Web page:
By Staff Sgt. J. Aaron Breeden
21st Space Wing Public Affairs
PETERSON AIR FORCE BASE Colo. — As a service member, we are all required to accept and execute duties, instructions, responsibilities and lawful orders regardless of how minor they may seem.
Yet, these obligations seem to fall by the wayside when it comes to enforcing uniform standards.
Master Sgt. Joseph Beymer, 21st Comptroller Squadron first sergeant, says that regardless of rank, everyone has the right and responsibility to correct uniform violations.
“Everybody’s supposed to correct uniform violations when they see them,” said Beymer. “But it’s a lot easier to just look the other way and pretend you didn’t see it, and then the problem gets out of hand.”
Anyone who has been in the Air Force for longer than five minutes can tell you exactly which Air Force Instruction dictates proper dress and appearance: AFI 36-2903.
Nevertheless, many people still seem to be in the dark about what is and isn’t proper when it comes to wearing any of the Air Force’s uniforms.
“I don’t think all people are intentionally breaking the rules,” said Beymer. “I think a lot of people just don’t know.”
This has most recently been the case with the sage green fleece jacket.
Paragraph 6.1.10 of AFI 36-2903 states the fleece jacket is to be ‘only worn outdoors’ and to be removed while indoors; however, local commanders may authorize indoor wear as mission needs dictate.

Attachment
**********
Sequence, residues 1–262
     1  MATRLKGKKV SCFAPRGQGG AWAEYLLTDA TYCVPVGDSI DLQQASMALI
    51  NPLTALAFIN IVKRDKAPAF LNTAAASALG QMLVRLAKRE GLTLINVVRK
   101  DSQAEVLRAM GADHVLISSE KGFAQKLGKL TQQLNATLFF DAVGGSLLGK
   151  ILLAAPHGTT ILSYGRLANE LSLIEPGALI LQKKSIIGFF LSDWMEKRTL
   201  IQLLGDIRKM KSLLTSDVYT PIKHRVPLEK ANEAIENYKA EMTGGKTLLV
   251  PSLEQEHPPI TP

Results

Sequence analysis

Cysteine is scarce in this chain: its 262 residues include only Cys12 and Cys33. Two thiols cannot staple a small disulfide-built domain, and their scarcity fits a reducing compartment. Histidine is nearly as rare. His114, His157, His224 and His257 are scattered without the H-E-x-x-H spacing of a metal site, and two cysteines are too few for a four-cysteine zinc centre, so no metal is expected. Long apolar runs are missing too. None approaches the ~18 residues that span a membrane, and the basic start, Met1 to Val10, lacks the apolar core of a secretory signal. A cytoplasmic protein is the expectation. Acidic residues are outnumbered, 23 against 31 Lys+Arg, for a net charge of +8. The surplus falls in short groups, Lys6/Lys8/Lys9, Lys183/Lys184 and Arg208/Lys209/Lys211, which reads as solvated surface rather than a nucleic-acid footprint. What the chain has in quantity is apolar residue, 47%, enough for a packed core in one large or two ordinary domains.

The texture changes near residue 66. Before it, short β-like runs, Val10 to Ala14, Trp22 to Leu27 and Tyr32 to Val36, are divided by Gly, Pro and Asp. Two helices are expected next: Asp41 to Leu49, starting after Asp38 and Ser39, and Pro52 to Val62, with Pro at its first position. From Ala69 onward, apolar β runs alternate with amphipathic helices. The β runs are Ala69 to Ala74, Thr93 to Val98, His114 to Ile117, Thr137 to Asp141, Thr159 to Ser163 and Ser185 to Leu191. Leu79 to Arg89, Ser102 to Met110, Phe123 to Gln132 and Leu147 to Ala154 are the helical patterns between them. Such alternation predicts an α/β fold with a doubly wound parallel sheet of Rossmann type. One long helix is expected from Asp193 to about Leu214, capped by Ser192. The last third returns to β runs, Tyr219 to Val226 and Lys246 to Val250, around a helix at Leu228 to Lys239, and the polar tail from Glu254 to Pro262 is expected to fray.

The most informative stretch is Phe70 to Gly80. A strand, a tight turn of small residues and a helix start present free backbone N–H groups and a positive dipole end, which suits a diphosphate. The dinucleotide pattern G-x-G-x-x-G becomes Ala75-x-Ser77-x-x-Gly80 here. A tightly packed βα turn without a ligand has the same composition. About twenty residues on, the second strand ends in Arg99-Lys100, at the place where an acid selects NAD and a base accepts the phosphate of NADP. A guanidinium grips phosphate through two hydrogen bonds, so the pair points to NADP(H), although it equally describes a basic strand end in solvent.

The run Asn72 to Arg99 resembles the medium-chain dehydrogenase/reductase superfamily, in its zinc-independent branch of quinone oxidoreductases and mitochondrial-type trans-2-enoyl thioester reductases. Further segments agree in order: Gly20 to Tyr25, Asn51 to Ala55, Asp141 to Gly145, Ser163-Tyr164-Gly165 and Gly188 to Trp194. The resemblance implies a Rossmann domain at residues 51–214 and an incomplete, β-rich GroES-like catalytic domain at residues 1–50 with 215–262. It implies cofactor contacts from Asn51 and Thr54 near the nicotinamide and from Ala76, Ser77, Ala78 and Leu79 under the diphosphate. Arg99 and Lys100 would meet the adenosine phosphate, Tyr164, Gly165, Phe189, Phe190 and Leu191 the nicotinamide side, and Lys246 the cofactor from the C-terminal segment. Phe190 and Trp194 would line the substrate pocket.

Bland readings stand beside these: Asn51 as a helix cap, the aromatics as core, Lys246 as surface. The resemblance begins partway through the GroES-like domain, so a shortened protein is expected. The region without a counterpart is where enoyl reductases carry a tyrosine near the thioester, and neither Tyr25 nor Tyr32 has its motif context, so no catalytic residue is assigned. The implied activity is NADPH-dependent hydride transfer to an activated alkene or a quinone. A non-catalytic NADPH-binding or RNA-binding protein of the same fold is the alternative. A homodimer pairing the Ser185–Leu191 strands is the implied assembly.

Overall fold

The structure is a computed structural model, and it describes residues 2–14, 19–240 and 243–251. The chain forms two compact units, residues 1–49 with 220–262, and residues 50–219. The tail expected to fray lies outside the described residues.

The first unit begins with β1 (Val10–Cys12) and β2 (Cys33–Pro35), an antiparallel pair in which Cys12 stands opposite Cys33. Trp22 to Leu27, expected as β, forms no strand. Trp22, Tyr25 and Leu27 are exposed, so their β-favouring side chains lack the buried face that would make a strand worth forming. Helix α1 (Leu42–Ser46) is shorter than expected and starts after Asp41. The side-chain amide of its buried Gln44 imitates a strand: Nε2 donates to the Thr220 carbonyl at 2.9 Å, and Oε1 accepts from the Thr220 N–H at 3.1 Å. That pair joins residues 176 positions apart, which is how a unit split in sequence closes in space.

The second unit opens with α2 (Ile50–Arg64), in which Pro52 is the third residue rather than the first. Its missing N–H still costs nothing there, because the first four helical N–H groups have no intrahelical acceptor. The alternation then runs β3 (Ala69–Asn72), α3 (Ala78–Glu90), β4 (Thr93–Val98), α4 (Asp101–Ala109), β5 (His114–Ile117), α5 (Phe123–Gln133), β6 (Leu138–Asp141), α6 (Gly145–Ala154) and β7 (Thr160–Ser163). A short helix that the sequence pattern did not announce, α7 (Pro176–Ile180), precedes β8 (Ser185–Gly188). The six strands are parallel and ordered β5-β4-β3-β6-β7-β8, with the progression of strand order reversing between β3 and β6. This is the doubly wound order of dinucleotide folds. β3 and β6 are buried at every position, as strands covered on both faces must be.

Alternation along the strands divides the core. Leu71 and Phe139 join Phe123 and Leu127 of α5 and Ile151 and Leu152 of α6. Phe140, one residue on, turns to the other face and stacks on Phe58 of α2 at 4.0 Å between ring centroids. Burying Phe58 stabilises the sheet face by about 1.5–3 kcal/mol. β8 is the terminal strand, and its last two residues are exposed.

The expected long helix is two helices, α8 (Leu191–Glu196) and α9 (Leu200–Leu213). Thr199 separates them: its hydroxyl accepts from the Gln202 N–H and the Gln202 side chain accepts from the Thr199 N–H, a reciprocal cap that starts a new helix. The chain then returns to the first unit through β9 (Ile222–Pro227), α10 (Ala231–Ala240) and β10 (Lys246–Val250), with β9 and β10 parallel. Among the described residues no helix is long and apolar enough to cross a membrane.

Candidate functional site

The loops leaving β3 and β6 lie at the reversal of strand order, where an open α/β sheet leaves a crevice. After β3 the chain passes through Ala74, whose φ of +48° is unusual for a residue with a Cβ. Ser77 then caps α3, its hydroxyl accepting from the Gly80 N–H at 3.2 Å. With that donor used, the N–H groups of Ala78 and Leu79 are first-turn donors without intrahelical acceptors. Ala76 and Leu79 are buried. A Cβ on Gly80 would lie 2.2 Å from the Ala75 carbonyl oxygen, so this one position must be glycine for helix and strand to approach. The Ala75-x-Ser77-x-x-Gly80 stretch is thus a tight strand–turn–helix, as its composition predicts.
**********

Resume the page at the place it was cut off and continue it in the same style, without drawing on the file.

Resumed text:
While the term ‘local commander’ could be considered vague, the statement, ‘only to be worn outdoors,’ should leave little confusion.
“Some of the regs aren’t the easiest to interpret,” added Beymer. “But, there are certain things that are absolutely not allowed, and (the regulation) says it.”
Additionally, Beymer noted that many people during winter months wear the green knit or fleece watch cap without wearing an outer garment — also a foul.
The best way to correct an Air Force fashion faux pas is using the wingman concept.
“It starts with looking out for your buddy,” said Beymer. “I’m sure they would rather hear it from a friend than someone they don’t know.”
Since people don’t like to be publically humiliated, Beymer said he typically pulls the offender off to the side and enlightens them of their wrong-doing.
While junior members may be intimidated to correct their superiors, Beymer offers some advice.
“There’s a right way and a wrong way to correct people,” said Beymer, recommending tactfully pointing out the uniform infraction in private rather than in front of others. “I’m a firm believer that the manner in which you approach someone is how you will be received. If everyone did a little bit then one person wouldn’t have to do a whole lot.”